Congratulations on your improved health. I’ve been celebrating every day since my diabetes was cured, although it was surgery that restored my health.

I’m sorry surgery was required to get your diabetes under control; I’m sure there was a difficult struggle leading up to such an intervention. There’s a reason they emphasize carb restriction and focus on protein for post bariatric surgery patients. If only they emphasized it beforehand.

There is no such thing as a “cure” for diabetes, only interverntions and management. On average a type 2 diabetic has lost 50% of pancreatic insulin producing beta cell mass prior to even being diagnosed. That is never restored, hence not a cure.

Every glucose excursion above 140 at any time is doing lasting cellular damage to organs, nerves and vision, and that’s way lower than the numbers the industry funded crowd is recommending.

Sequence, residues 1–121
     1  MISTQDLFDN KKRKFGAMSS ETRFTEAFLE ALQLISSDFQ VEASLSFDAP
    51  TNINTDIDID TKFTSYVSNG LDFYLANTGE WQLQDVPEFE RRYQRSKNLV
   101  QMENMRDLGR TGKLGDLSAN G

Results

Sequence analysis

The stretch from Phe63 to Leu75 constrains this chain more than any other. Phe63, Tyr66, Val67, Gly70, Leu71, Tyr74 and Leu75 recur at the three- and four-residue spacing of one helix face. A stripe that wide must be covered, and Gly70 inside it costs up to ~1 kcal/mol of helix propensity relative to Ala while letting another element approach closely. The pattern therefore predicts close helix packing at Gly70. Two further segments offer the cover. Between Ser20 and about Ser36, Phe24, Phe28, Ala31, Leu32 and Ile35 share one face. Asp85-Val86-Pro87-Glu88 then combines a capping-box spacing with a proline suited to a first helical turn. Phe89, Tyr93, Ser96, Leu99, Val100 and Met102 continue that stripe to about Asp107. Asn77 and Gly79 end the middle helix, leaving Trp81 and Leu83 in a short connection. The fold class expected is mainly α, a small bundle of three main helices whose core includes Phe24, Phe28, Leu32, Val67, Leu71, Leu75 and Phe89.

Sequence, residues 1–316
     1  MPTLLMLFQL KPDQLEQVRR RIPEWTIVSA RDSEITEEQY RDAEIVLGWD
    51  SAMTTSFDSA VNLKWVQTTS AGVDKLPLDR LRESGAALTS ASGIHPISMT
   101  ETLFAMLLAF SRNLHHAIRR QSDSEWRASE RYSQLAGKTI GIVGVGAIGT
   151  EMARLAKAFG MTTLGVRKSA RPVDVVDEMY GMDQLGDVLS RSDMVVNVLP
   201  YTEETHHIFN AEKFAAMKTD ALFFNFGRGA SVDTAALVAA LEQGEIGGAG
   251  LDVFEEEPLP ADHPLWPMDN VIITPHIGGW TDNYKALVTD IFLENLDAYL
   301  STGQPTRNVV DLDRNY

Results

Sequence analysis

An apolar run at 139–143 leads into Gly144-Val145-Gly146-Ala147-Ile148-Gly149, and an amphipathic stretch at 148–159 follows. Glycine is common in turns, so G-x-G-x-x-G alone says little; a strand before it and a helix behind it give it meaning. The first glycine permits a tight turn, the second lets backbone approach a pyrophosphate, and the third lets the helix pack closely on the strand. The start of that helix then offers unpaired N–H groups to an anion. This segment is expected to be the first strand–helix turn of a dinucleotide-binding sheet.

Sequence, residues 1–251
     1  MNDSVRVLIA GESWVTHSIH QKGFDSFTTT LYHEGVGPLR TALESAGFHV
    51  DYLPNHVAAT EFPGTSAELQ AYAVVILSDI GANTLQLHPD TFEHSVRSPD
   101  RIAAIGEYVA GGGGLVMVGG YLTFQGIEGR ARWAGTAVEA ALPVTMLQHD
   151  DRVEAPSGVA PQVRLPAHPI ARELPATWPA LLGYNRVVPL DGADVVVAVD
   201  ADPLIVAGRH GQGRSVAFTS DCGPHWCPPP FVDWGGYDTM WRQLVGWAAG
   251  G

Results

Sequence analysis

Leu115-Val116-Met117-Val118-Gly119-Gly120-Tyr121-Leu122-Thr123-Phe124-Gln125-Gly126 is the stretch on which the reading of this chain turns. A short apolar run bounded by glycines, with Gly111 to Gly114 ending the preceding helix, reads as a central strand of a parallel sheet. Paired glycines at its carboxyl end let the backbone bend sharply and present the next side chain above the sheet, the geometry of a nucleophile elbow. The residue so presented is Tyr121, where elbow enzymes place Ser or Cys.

I just came across this and thought it was a good counterpoint to the “moderation” argument I’ve never bought into:

"And a study published in PLOS ONE last year analyzed the diets and relative risks of obesity and diabetes for a diverse group of about 5,000 American adults. The results were a pretty strong argument against one of nutrition’s most persistent axioms.

“Our results challenge the notion that ‘eating everything in moderation’ leads to greater diet quality or better metabolic health,” the authors concluded. “Our findings support the importance of diet quality, independent of diversity.”